Prefrontally driven downregulation of neural synchrony mediates goal-directed forgetting
Research output: Contribution to journal › Article › peer-review
Colleges, School and Institutes
Neural synchronization between distant cell assemblies is crucial for the formation of new memories. To date, however, it remains unclear whether higher-order brain regions can adaptively regulate neural synchrony to control memory processing in humans. We explored this question in two experiments using a voluntary forgetting task. In the first experiment, we simultaneously recorded electroencephalography along with fMRI. The results show that a reduction in neural synchrony goes hand-in-hand with a BOLD signal increase in the left dorsolateral prefrontal cortex (dlPFC) when participants are cued to forget previously studied information. In the second experiment, we directly stimulated the left dlPFC with repetitive transcranial magnetic stimulation during the same task, and show that such stimulation specifically boosts the behavioral forgetting effect and induces a reduction in neural synchrony. These results suggest that prefrontally driven downregulation of long-range neural synchronization mediates goal-directed forgetting of long-term memories.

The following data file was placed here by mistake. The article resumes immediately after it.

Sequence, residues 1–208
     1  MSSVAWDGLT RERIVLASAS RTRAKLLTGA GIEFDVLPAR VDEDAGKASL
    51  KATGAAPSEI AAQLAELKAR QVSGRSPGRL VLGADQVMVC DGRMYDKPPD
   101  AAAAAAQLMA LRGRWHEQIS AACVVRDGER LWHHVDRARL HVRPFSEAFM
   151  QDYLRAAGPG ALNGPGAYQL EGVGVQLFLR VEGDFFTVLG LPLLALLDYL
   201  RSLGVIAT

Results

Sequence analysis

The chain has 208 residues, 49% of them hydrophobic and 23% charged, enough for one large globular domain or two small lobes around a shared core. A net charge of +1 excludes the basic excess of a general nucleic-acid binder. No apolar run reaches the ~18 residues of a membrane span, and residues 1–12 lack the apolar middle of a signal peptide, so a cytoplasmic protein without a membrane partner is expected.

|Number of pages||10|
|Journal||The Journal of Neuroscience|
|Publication status||Published - 17 Oct 2012|
- Adolescent, Adult, Cortical Synchronization, Down-Regulation, Electroencephalography, Female, Goals, Humans, Male, Memory, Photic Stimulation, Prefrontal Cortex, Young Adult